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Q&A

How did 'in-' + 'putare' compound to mean 'to attribute, credit to'?

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I quote Etymonline on impute (v.):

early 15c., from Old French imputer, emputer (14c.)
and directly from Latin imputare "to reckon, make account of, charge, ascribe,"
from assimilated form of in- "in, into" (from PIE root *en "in")(2)) +
putare "to trim, prune; reckon, clear up, settle (an account)," from PIE *puto- "cut, struck," suffixed form of root *pau- (2) "to cut, strike, stamp" (see pave).

  1. Please see the title overhead, which is my first question. How does putare's semantic field appertain to the meaning of "to attribute, credit to"?

  2. To wit, how did the prefix in- transmogrify "trim, prune; reckon, clear up" into "attribute, credit to'?

  3. What exactly does the prefix 'in-' in imputare mean?

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Let's digress by looking at how the meaning of "computer" developed during the 20th century. A "computer" used to be a person, somebody doing computations; devices eventually took over the job. This unlocked an explosion in the complexity of business applications that required a lot of highly reliably computing power, from, say, payroll accounting, to sophisticated modelling of all kinds of processes.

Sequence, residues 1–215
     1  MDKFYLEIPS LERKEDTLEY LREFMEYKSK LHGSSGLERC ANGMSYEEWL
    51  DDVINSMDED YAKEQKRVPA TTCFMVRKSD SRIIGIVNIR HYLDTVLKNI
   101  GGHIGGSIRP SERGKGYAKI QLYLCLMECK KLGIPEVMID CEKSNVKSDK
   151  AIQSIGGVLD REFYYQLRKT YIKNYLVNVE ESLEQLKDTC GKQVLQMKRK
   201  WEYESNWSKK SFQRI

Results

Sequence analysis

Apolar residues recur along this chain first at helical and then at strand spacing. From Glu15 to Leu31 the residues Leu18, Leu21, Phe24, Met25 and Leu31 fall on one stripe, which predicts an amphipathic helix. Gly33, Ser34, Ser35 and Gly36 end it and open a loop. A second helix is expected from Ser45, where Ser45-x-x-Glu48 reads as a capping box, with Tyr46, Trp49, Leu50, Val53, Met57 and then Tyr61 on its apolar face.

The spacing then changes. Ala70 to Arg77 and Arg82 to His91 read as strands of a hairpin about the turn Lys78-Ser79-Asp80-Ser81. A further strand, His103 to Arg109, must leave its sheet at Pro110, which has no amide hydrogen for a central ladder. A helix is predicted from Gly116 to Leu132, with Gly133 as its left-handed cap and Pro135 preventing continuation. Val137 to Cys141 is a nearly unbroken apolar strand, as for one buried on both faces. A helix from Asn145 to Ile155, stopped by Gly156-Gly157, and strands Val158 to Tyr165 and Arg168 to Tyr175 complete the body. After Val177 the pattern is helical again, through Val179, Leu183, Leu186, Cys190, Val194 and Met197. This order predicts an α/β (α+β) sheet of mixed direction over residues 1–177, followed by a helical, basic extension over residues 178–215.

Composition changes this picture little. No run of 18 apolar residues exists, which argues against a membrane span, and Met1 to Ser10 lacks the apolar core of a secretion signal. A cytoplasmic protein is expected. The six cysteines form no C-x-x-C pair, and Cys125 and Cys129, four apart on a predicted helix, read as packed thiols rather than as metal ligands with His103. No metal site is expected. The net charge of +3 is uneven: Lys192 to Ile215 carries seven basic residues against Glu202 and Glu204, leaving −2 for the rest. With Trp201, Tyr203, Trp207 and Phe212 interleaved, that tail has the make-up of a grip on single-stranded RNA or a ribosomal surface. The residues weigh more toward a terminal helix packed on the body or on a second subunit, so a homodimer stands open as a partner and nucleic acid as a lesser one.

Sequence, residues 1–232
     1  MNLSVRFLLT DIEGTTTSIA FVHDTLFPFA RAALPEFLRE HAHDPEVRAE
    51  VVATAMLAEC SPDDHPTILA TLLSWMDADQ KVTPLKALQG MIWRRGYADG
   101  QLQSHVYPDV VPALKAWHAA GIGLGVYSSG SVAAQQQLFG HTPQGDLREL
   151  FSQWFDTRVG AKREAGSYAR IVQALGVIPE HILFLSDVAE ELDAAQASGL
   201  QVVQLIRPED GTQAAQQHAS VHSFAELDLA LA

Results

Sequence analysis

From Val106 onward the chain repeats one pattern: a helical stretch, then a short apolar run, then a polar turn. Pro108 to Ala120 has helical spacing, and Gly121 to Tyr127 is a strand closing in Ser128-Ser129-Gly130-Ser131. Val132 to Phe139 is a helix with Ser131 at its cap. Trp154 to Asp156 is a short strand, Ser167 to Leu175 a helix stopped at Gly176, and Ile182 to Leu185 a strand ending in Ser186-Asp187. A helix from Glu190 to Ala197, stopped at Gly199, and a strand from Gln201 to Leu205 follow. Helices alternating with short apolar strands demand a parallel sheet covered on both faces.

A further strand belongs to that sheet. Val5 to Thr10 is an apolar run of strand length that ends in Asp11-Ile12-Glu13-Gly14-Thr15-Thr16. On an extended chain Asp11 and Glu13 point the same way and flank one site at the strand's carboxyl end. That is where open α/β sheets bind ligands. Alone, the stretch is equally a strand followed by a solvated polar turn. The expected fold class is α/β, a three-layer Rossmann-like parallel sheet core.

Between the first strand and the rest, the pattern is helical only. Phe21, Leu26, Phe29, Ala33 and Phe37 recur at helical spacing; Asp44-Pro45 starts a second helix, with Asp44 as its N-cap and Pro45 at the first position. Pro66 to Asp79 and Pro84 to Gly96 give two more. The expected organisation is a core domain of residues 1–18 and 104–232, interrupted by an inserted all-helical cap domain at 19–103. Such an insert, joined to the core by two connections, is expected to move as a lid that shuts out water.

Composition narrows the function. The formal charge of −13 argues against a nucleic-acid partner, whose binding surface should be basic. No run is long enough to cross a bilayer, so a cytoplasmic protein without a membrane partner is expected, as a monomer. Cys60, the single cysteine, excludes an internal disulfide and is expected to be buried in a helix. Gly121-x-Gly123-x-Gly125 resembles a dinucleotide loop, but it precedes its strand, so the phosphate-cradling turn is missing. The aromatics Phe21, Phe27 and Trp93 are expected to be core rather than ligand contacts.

You could paraphrase compute, the verb, in its various old and new flavors as "count together" or "evaluate together".

Now, let's tackle your sub-questions backwards.

Re 3: The prefix means "into".

Re 2: There's a semantic overlap, which is "reckon" (or "think"). No shift of meaning appears strictly necessary, although derivation always involves at least a little bit of semantic specialization.

Re 1: Evaluating something (or somebody) may be as simple as adding together (and ticking off) some numbers, or it may involve much more complex modelling (of that person). It's a mental process either way. When such an evaluation is finished, somebody may impute its conclusions to the person who was the subject of the evaluation: treat the conclusions as a fact firmly sticking on that person.

(This way of using our brains is so boringly common among humans, that the mere mention of anybody "imputing" anything typically implies the the conclusions weren't necessarily accurate or universally shared, and that somebody else may eventually dispute them, or try to come up with a different account.)

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